"Everything You Need to Know About The GOP’s Opposition To Protecting Native American Women From Abuse"
Our guest blogger is Erik Stegman, Manager of the Half in Ten campaign for the Center for American Progress Action Fund.
As the last window of opportunity to pass a fully-inclusive Violence Against Women Act (VAWA) Reauthorization comes close to shutting in the final days of the 112th Congress, many are wondering why Republican House leadership, particularly Majority Leader Eric Cantor (R-VA), are so opposed to the provisions protecting Native American women on tribal reservations. Other Republican leaders — including Reps. Darrell Issa (R-CA), John Kline (R-MN), Mike Simpson (R-ID), Tom Cole (R-OK), and Patrick McHenry (R-NC) — have proposed a reasonable compromise that protects Native women, but it puts them at odds with the Majority Leader.
With the Issa compromise on the table and backed by several House Committee chairs, what are Republicans like Cantor still so concerned about that they’re willing to hold up the landmark law that funds services, strengthens law enforcement for domestic violence, and increases accountability for offenders?
Here’s everything you need to know about the GOP’s opposition to new protections for Native women on tribal lands:
1. Non-Native men will continue to receive a jurisdictional free pass for abusing Native women:
In response to the epidemic rates of domestic violence against Native women on reservations, the Department of Justice issued a legislative proposal that would restore Tribes’ ability to prosecute misdemeanor crimes of domestic and dating violence committed by non-Natives against Native women. This proposal also requires that the non-Native offender either live or work on the reservation and be in an existing relationship with the victim. DOJ statistics show that 3 out of 5 Native women had been assaulted by their intimate partners and 56 percent of American Indian women have non-Indian husbands.
Today on Indian reservations, the local governments don’t have the ability to respond to domestic violence crimes in their community if the perpetrator isn’t Native. Without this ability, non-Native offenders often go unpunished on tribal land because the only ones who can bring them to justice are federal prosecutors who are often hundreds of miles away and lack local resources to properly investigate and prosecute these crimes. The result, according to a recent National Institute of Justice (NIJ)-funded report, the offenders become emboldened, and the violence escalates to rape and in some cases homicide. On some Indian reservations, the homicide rate of Native women is 10 times the national average.
2. Republicans are more concerned with Non- Native perpetrators than Native victims:
So why do some Republicans like Cantor still have issues with a well-reasoned, narrowly-scoped DOJ proposal to reduce violence against Native women on reservations? An unbalanced concern for the rights non-Native men accused of these crimes. Even though the current Senate version of VAWA includes a full set of constitutional protections for suspects of abuse, including due-process rights and a right to counsel, Cantor and other Republicans continue to stall the VAWA Reauthorization because of baseless constitutional concerns for those accused of abusing Native women.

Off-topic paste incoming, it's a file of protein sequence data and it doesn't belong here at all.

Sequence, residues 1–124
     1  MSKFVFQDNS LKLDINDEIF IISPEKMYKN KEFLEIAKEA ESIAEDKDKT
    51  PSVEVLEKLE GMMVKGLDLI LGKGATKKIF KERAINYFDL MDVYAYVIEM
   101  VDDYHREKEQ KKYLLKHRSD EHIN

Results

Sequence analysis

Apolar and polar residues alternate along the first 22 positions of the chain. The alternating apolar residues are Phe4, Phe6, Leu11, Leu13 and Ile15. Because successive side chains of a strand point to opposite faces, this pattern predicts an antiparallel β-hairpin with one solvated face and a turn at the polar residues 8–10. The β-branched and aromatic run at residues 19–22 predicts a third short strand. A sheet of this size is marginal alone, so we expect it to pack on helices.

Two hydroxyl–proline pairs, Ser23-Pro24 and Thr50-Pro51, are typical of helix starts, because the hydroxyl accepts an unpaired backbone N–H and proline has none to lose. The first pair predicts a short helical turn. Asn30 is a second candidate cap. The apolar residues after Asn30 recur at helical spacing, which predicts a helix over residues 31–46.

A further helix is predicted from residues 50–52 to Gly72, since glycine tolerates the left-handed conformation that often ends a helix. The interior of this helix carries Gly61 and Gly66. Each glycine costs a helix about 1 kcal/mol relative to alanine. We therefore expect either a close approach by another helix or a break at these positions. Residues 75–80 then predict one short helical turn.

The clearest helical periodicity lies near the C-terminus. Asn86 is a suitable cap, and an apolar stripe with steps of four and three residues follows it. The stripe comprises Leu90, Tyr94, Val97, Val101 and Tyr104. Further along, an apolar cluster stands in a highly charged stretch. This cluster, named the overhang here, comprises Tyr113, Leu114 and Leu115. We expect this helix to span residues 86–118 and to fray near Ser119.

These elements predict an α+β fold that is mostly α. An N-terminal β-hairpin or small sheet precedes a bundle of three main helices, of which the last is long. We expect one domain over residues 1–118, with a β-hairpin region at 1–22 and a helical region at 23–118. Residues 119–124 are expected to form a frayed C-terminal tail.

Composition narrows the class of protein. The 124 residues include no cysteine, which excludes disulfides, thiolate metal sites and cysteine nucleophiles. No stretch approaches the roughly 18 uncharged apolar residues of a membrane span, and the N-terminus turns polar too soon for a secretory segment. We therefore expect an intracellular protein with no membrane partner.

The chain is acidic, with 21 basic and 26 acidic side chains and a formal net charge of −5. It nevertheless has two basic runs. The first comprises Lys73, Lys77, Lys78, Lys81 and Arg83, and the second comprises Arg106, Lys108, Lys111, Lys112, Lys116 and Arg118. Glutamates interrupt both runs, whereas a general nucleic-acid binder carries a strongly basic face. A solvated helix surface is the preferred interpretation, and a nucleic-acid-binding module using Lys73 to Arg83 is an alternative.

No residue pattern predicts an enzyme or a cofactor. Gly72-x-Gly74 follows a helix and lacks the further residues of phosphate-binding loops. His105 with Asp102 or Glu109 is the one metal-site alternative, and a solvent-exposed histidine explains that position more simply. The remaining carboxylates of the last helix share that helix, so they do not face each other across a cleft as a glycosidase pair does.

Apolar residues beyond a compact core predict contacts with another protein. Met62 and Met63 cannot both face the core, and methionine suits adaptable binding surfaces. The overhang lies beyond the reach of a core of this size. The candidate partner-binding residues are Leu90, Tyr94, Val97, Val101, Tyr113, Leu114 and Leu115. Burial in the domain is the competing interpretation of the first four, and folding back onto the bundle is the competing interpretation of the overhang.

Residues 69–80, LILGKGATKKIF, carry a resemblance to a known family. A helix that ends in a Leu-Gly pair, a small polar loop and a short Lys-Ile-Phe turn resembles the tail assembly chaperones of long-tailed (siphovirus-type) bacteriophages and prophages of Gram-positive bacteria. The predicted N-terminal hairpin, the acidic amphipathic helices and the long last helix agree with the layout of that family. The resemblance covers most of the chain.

In the spirit of compromise within their own caucus, Issa and his colleagues proposed a powerful extra protection for defendants in their bill last week: a new right to remove the case to a federal court if the defendant’s rights are violated by a local tribal court. Although advocates for Native women would prefer to see the Senate version passed, this compromise is a reasonable way to get a deal done and improve the system of justice on reservations. It will clarify that all persons who commit a crime of domestic or dating violence on an Indian reservation will be arrested and held accountable, regardless of their race.
3. Local tribal law enforcement is more responsive to Native women:
The Senate version of VAWA would end jurisdictional black holes that give non-Native men a free pass to abuse Native women and evade justice. It would provide local tribal law enforcement with the much-needed ability to investigate and prosecute crimes against Native women in their own communities, just as other state and local authorities do for other victims in the country. Prosecuting these crimes requires sensitive and time-consuming work with family and community members. Tribal prosecutors are down the street on the reservation and work closely with the tribal police who respond to these crimes. Restoring local control will provide the victim, the family, and the community the ability to seek responsive justice locally. There’s no reason that their ability to fully prosecute these crimes should rest on the skin color of the accused abuser.
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